The Enhancement of Corrosion Resistance of Titanium in High Temperature Acidic Solutions by Microarc Oxidation
Microarc oxidation technique (MAO) is an electrochemical process which can be used to make ceramic coatings on the surfaces of titanium and its alloys. In this investigation samples of a commercially pure titanium (TA3) were anodized in 30g/L NaAlO2 solution under 280V voltage for 75 minutes to form a 3-10µm coating. XRD analysis showed that the main phase of the coating is TiAl2O5. Samples of the titanium and the MAO treated titanium were immersed in HCl and H2SO4 acid solutions at 250°C in an autoclave. Results show that in 0.1 mol/L concentration both the titanium and the MAO treated titanium have good corrosion resistance in the acid solutions. However, in 1 mol/L concentration the titanium samples completely dissolved in 24 hour immersion. The MAO-treated titanium samples did not dissolved away although some degree of weight losses took place. SEM shows that there are corrosion products on the surfaces of MAO treated titanium samples. XRD analysis showed that the corrosion products are titanium oxides (rutile and anatase). A corrosion resistance mechanism, which is based on the synergic protection of aluminum titanium oxides and titanium oxides for the titanium substrate, is proposed for explaining the enhancement of the corrosion resistance.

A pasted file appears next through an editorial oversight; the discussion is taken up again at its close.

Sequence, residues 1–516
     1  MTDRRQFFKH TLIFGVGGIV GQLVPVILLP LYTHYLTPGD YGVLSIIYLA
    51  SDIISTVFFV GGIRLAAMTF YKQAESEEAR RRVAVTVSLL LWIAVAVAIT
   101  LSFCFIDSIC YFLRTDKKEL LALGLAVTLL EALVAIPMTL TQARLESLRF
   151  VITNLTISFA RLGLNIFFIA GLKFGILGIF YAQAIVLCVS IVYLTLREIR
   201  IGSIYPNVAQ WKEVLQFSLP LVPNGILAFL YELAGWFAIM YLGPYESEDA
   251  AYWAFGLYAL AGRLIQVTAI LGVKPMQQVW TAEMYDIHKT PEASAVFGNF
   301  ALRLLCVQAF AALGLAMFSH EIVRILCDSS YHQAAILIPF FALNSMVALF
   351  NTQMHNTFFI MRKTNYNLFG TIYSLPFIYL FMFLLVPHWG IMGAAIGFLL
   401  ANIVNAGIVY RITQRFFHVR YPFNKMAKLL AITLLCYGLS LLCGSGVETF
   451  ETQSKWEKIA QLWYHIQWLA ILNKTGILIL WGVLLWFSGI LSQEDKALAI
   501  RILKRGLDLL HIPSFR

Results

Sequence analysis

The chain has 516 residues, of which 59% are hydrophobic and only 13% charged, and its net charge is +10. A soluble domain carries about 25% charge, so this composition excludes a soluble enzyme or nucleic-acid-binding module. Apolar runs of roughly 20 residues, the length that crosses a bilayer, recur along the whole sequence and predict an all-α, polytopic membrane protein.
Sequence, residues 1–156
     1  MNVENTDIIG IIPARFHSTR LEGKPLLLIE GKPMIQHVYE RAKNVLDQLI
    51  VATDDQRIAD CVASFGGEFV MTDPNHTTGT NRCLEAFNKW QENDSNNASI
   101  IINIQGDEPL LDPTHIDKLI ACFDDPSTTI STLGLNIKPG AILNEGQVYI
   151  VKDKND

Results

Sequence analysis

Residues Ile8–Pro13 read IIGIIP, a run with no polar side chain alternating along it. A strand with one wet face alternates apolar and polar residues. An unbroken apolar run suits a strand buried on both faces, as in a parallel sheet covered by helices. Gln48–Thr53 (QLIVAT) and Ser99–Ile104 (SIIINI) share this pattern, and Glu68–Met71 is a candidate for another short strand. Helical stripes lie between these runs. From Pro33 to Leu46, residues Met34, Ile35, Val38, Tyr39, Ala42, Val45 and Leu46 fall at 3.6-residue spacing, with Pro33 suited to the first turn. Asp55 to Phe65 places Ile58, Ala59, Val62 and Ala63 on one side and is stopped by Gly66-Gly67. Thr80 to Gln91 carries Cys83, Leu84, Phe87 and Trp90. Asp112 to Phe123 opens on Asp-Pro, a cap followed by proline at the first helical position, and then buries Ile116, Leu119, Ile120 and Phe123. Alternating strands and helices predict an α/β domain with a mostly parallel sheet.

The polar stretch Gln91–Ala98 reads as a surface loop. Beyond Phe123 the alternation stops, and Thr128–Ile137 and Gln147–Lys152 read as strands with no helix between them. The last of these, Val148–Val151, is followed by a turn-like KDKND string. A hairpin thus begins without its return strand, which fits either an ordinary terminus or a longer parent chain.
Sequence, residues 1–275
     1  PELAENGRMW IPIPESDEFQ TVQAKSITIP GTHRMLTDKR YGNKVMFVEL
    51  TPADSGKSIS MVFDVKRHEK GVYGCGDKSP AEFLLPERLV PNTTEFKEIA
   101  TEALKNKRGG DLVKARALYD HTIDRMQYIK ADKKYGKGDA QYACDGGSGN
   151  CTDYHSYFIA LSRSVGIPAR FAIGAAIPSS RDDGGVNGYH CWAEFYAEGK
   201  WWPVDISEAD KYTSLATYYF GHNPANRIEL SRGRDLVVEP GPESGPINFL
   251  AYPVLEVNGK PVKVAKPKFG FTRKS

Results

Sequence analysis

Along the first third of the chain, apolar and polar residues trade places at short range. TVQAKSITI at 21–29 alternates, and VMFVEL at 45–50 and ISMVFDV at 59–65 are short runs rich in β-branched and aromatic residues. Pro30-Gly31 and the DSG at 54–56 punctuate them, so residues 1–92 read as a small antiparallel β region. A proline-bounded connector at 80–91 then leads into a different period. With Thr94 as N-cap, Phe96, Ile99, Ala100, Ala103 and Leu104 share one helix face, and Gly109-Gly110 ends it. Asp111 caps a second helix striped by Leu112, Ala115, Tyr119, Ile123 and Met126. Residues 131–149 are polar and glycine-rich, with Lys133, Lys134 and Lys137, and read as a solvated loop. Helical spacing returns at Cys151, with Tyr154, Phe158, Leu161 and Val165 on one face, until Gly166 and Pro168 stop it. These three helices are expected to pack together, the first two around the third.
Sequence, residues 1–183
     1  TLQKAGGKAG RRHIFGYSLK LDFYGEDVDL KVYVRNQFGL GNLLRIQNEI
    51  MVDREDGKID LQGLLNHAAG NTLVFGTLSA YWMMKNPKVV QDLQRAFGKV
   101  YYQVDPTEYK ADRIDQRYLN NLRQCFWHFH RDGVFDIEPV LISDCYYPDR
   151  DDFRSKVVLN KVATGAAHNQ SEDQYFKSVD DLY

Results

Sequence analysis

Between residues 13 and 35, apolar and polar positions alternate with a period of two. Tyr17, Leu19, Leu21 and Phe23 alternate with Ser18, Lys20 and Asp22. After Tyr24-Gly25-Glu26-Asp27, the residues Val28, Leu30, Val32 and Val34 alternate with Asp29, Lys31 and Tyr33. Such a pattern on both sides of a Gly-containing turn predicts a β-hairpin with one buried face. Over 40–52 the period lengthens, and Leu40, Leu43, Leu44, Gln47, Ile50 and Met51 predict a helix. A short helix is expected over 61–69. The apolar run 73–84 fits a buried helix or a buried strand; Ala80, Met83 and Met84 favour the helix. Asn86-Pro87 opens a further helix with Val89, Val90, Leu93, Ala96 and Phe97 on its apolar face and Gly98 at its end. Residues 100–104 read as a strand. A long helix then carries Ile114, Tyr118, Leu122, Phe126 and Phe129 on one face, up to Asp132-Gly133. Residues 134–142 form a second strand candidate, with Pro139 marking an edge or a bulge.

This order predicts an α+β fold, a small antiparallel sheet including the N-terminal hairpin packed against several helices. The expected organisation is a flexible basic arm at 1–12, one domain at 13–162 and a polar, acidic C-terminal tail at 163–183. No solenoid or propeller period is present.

H.S. Lee, I.S. Yoon and M.H. Aliabadi
J. S. Lu and C. Lu, "The Enhancement of Corrosion Resistance of Titanium in High Temperature Acidic Solutions by Microarc Oxidation", Key Engineering Materials, Vols. 385-387, pp. 777-780, 2008